This report was edited by Anthony Biswell.

About the Sana’a Center:

The Sana’a Center for Strategic Studies is an independent think-tank that seeks to foster change through knowledge production with a focus on Yemen and the surrounding region. The Center’s publications and programs, offered in both Arabic and English, cover political, social, economic and security related developments, aiming to impact policy locally, regionally, and internationally.


  1. Protection Cluster, “Task Force on Population Movement: Seventh Report, February 2016. Accessed September 28, 2017; available at
  2. Hashemites are said to be direct descendants from the Prophet Mohammed. Hashemites in Yemen are an elite, minority group that made up approximately 12 percent of the population in 2014; Zaydism is a moderate brand of Shia Islam that is unique to Yemen and closer to Sunni Islam than the Twelver Shia doctrine popular in Iran; prior to unification in 1990, Yemen was two separate countries colloquially referred to as North Yemen and South Yemen.
  3. There are some Taizis who adhere to the Shafi’i Sunni school of thought who are also of Hashemite background, such as the Al Junayd (or Al Guneid) family. Some of these Shafi’i Hashemite Taizis started supporting the Houthis from 2012 onwards.
  4. Maysaa Shuja Al Deen, “The Endless Battle in Taiz,” Atlantic Council, April 26, 2017. Accessed September 28, 2017; available at
  5. Ibid.
  6. Saleh facilitated the establishment of Islah as a part of his broader attempts to marginalise southern leaders and the Yemeni Socialist Party (YSP) following the unification of North and South Yemen in 1990. By 1997, this objective had largely been achieved, as shown by the 1993 and 1997 parliamentary election results (the YSP boycotted the 1997 election), after which Saleh started to distance himself from Islah.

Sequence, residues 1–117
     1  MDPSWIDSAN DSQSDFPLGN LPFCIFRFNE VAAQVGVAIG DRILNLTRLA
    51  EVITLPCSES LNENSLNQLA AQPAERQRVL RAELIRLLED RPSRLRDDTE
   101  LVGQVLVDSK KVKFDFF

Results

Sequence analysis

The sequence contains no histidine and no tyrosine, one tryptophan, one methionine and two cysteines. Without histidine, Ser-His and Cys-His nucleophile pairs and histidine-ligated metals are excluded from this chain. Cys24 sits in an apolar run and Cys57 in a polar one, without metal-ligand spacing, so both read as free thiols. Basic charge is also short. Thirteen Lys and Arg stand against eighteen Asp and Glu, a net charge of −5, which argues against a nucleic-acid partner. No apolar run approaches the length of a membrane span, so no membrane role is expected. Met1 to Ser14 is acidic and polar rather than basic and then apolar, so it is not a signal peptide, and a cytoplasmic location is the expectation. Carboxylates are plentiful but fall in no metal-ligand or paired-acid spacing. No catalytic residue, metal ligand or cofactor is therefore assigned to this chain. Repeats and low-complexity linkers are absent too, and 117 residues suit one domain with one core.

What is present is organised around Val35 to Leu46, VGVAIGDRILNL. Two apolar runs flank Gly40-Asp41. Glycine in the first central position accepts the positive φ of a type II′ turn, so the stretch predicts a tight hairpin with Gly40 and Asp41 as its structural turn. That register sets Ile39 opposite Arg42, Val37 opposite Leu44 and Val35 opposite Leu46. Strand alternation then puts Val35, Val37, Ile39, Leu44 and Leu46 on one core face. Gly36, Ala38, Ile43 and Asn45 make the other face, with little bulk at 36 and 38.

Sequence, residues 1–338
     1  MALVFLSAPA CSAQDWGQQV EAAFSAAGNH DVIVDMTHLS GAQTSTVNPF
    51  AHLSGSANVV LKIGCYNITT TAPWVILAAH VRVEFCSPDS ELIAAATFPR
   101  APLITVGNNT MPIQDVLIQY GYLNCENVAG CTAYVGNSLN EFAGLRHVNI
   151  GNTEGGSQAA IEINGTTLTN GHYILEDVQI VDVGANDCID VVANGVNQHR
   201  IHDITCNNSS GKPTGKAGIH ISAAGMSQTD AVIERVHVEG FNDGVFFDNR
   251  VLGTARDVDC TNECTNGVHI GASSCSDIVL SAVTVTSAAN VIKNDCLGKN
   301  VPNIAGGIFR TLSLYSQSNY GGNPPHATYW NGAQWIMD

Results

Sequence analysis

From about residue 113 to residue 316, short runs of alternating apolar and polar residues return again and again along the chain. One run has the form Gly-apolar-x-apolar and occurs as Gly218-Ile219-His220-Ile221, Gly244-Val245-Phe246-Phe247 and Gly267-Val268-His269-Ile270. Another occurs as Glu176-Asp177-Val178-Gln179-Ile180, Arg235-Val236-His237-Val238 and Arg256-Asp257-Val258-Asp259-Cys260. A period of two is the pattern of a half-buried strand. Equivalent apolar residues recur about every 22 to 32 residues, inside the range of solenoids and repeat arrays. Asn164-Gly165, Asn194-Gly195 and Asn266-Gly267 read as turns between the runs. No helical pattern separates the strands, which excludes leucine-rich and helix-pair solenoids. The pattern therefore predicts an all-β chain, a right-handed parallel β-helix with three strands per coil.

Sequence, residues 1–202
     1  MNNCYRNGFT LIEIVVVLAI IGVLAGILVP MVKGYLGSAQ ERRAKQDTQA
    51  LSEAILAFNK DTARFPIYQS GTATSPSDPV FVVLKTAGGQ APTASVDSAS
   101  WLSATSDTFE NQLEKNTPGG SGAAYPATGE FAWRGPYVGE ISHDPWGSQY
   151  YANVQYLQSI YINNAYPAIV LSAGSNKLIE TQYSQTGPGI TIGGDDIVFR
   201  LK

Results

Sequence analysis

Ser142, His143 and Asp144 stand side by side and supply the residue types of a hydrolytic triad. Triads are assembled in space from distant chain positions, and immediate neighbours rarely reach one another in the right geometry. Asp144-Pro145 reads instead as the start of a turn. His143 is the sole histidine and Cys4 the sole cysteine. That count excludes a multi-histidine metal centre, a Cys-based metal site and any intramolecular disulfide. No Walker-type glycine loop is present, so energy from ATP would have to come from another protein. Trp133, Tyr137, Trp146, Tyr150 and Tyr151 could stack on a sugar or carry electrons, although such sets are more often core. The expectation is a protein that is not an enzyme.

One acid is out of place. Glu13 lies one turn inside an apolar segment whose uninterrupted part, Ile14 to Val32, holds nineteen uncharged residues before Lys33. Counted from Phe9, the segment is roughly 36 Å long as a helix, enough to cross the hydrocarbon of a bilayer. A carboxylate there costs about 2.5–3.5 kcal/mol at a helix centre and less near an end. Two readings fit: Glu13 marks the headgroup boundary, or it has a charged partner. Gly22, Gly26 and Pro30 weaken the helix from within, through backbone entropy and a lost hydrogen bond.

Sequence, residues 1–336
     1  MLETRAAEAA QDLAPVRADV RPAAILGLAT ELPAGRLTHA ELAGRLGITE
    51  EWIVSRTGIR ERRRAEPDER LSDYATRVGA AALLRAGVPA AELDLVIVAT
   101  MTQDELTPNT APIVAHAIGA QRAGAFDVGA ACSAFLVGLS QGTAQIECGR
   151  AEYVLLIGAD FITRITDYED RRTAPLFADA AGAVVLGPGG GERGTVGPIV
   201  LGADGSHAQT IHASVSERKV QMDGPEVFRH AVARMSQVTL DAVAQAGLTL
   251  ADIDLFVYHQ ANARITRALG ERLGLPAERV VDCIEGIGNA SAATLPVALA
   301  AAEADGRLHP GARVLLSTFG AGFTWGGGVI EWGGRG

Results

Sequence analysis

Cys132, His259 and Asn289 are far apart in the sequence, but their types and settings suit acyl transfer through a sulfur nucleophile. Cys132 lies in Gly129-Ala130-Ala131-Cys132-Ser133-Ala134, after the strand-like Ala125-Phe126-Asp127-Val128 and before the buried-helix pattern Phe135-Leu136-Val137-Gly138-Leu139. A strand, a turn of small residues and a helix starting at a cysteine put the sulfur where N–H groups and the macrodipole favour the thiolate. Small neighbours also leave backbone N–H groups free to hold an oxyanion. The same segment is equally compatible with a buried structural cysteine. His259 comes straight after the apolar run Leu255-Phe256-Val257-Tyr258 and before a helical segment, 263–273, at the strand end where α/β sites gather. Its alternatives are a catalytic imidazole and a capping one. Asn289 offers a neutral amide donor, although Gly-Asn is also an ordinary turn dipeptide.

7. Laura Kasinof, Don’t be Afraid of Bullets, Arcade Publishing, Reprint Edition (March 1, 2016).
  8. The elite power struggle pitted Saleh and his family on one side, against the al-Ahmar family – who head Yemen’s most powerful tribal confederation, the Hashid – and Saleh’s former right hand man, incumbent Vice President Ali Mohsen al-Ahmar (no relation to the al-Ahmar family) on the other. Ali Mohsen abandoned Saleh following the “Friday of Dignity” massacre on March 18, 2011, when gunmen shot dead at least 45 protestors. Mohsen subsequently stationed his tank battalions across Sana’a to protect protesters. From May 2011 until the signing of the Gulf Initiative six months later, Sana’a witnessed sporadic violence between tribesmen loyal to the al-Ahmar family and elite government forces, commanded by Saleh’s son and nephews.
  9. Tom Finn, “Yemen Violence Mounts in bid to Remove President Saleh, The Guardian, February 16, 2011. Accessed September 28, 2017; available at; Mohammed Ghobari, “Yemeni Forces Fire on Protesters in South’s Taiz,” Reuters, July 28, 2011; Accessed September 28, 2017; available at; Mohammed Al Qadhi, “30 More Die in Yemen as Snipers Target Protesters,” The National, September 20, 2011. Accessed September 28, 2011; available at
  10. “Salafis, The Vengeful Giants (Part I): Historical Shifts in the Balance of Power in Central and Southern Yemen, Diwan, October 14, 2016. Accessed September 28, 2017; available at
  11. This agreement also granted Salah and his associates immunity from prosecution for the use of force against protesters, and all other acts committed during his presidency.
  12. Ali Saeed, “First Yemeni Salafi Political Party Announced, Yemen Times, March 15, 2012. Accessed Septmber 28, 2017; available at
  13. Ibid.
  14. Ibid.
  15. Stacey Philbrick Yadav, “Yemen’s Muslim Brotherhood and the Perils of Powersharing,” Brookings Institution. Accessed September 28, 2017; available at pp.8-9
  16. The Houthi movement’s origins are rooted in the formation of the Believing Youth, an opposition group created in the mid-1990s by the late Hussein Badreddin al-Houthi, the brother of current Houthi leader Abdulmalik al-Houthi.